Something that is loved is never lost.

Along with the rest of the world, I am mourning the loss of the immensely talented Toni Morrison today, who was such a seminal figure in my life. Her books, from The Bluest Eye to Beloved, were extraordinarily powerful touchstones in my development as a reader and a writer and a person, and her words shaped and educated and inspired me in ways I cannot begin to express.

Suffice to say, her passing is a profound loss to this country and to this world, and to me and so many others personally, but over the course of her 88 years, she gave us all so, so much, so I suppose all there really is to do today is to thank her, and remember her, and be grateful she was part of our lives.

In celebration of that, here a few of my all-time favorite excerpts from her work/speeches, some of which I still revisit and reflect on on a regular basis:

“I know that happiness had been the real, if covert, goal of your labors here. I know that it informs your choice of companions, the profession you will enter, but I urge you, please don’t settle for happiness. It’s not good enough. Of course, you deserve it. But if that is all you have in mind —  happiness —  I want to suggest to you that personal success devoid of meaningfulness, free of a steady commitment to social justice, that’s more than a barren life, it’s a trivial one. Its looking good instead of doing good.”

“Love is or it ain’t. Thin love ain’t love at all.”

“Love is never any better than the lover.”

“To get to a place where you could love anything you chose, not to need permission for desire, well now that was freedom.”

“Love is divine only and difficult always. If you think it is easy you are a fool. If you think it is natural you are blind.”

“Don’t beg anybody for anything, especially love.”

“But the picking out, the choosing. Don’t ever think I fell for you, or fell over you. I didn’t fall in love, I rose in it. I saw you and made up my mind. My mind.”

“And I am all the things I have ever loved: scuppernong wine, cool baptisms in silent water, dream books and number playing.”

“I wrote my first novel because I wanted to read it.”

“I didn’t plan on either children or writing. Once I realized that writing satisfied me in some enormous way, I had to make adjustments. The writing was always marginal in terms of time when the children were small. But it was major in terms of my head. I always thought that women could do a lot of things. All the women I knew did nine or ten things at one time. I always understood that women worked, they went to church, they managed their houses, they managed somebody else’s houses, they raised their children, they raised somebody else’s children, they taught. I wouldn’t say it’s not hard, but why wouldn’t it be? All important things are hard.”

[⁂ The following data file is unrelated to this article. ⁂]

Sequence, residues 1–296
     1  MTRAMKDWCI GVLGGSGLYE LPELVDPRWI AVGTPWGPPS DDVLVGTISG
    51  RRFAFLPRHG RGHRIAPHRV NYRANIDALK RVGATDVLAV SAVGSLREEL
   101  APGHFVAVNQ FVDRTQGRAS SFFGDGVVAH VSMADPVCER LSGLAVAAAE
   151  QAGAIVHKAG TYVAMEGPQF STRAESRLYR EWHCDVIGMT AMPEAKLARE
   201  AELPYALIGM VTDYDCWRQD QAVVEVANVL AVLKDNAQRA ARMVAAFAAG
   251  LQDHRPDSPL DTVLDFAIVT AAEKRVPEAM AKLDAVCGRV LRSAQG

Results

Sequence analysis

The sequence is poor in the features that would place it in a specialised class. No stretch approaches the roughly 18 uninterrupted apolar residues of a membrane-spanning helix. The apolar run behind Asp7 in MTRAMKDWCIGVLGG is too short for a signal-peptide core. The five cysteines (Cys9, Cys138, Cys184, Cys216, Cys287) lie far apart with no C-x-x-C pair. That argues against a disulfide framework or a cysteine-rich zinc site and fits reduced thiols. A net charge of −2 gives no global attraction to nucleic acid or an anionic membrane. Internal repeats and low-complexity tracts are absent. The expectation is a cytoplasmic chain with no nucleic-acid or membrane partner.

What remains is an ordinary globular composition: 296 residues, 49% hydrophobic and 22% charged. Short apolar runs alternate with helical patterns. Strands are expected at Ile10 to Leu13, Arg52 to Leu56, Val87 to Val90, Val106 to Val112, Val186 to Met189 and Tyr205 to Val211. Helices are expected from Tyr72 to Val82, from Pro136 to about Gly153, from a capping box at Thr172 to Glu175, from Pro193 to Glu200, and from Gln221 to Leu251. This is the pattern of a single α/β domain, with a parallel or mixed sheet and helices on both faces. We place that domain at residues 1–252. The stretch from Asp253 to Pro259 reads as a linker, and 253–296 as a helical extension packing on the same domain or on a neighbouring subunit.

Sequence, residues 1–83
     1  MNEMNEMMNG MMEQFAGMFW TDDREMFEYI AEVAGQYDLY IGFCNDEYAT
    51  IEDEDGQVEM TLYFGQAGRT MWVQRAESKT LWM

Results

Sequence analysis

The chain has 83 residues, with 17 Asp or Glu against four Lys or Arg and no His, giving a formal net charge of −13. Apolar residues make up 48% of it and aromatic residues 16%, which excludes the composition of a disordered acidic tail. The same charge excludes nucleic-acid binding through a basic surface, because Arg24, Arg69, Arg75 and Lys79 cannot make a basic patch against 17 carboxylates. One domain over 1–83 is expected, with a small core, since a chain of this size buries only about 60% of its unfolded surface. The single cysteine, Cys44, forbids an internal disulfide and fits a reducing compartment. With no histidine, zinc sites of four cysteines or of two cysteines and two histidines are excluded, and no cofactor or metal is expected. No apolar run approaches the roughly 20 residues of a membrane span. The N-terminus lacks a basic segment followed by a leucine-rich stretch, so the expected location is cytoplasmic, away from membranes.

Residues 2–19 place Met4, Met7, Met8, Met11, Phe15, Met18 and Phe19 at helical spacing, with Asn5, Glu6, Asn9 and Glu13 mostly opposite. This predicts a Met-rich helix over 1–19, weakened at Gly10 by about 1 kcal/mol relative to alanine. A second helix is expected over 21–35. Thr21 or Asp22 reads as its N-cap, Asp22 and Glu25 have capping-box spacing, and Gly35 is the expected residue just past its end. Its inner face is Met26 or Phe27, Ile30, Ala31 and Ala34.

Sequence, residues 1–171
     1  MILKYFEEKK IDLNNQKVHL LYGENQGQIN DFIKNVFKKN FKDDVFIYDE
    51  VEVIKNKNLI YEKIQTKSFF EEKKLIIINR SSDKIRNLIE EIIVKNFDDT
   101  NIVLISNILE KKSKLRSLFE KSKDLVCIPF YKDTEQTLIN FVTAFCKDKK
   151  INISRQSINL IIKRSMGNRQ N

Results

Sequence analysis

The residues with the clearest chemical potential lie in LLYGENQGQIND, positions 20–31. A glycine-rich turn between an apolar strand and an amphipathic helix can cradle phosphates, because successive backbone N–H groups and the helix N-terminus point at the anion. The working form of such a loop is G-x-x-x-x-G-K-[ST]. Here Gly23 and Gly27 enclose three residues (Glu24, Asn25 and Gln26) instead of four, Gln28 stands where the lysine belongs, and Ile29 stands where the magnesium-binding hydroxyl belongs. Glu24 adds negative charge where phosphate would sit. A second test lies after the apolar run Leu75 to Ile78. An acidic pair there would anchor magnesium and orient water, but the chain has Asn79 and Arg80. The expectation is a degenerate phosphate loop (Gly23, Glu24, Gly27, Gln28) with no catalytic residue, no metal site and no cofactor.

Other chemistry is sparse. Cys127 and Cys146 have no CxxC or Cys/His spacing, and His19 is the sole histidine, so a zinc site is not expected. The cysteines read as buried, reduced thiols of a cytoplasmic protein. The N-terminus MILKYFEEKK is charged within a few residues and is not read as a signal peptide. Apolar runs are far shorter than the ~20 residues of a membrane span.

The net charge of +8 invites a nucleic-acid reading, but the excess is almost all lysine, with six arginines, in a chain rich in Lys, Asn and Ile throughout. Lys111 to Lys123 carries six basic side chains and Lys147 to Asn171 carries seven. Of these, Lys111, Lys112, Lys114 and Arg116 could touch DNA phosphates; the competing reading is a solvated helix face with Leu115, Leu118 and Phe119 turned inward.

“All water has a perfect memory and is forever trying to get back to where it was.”

“When you gone to get married? You need to have some babies. It’ll settle you.”
“I don’t want to make somebody else. I want to make myself.”

“Beauty was not simply something to behold; it was something one could do.”

“You think because he doesn’t love you that you are worthless. You think that because he doesn’t want you anymore that he is right — that his judgement and opinion of you are correct. If he throws you out, then you are garbage. You think he belongs to you because you want to belong to him. Don’t. It’s a bad word, ‘belong.’ Especially when you put it with somebody you love. Love shouldn’t be like that. Did you ever see the way the clouds love a mountain? They circle all around it; sometimes you can’t even see the mountain for the clouds. But you know what? You go up top and what do you see? His head. The clouds never cover the head. His head pokes through, beacuse the clouds let him; they don’t wrap him up. They let him keep his head up high, free, with nothing to hide him or bind him. You can’t own a human being. You can’t lose what you don’t own. Suppose you did own him. Could you really love somebody who was absolutely nobody without you? You really want somebody like that? Somebody who falls apart when you walk out the door? You don’t, do you? And neither does he. You’re turning over your whole life to him. Your whole life, girl. And if it means so little to you that you can just give it away, hand it to him, then why should it mean any more to him? He can’t value you more than you value yourself.”

“The function of freedom is to free someone else.”

“You are your best thing.”